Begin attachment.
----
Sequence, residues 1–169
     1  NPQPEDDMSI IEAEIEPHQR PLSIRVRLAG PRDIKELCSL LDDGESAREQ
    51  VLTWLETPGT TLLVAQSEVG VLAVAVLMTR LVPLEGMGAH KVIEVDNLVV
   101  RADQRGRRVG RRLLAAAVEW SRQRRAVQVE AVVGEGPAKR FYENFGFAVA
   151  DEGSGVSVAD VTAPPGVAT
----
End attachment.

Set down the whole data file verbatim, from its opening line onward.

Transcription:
Sequence, residues 1–169
     1  NPQPEDDMSI IEAEIEPHQR PLSIRVRLAG PRDIKELCSL LDDGESAREQ
    51  VLTWLETPGT TLLVAQSEVG VLAVAVLMTR LVPLEGMGAH KVIEVDNLVV
   101  RADQRGRRVG RRLLAAAVEW SRQRRAVQVE AVVGEGPAKR FYENFGFAVA
   151  DEGSGVSVAD VTAPPGVAT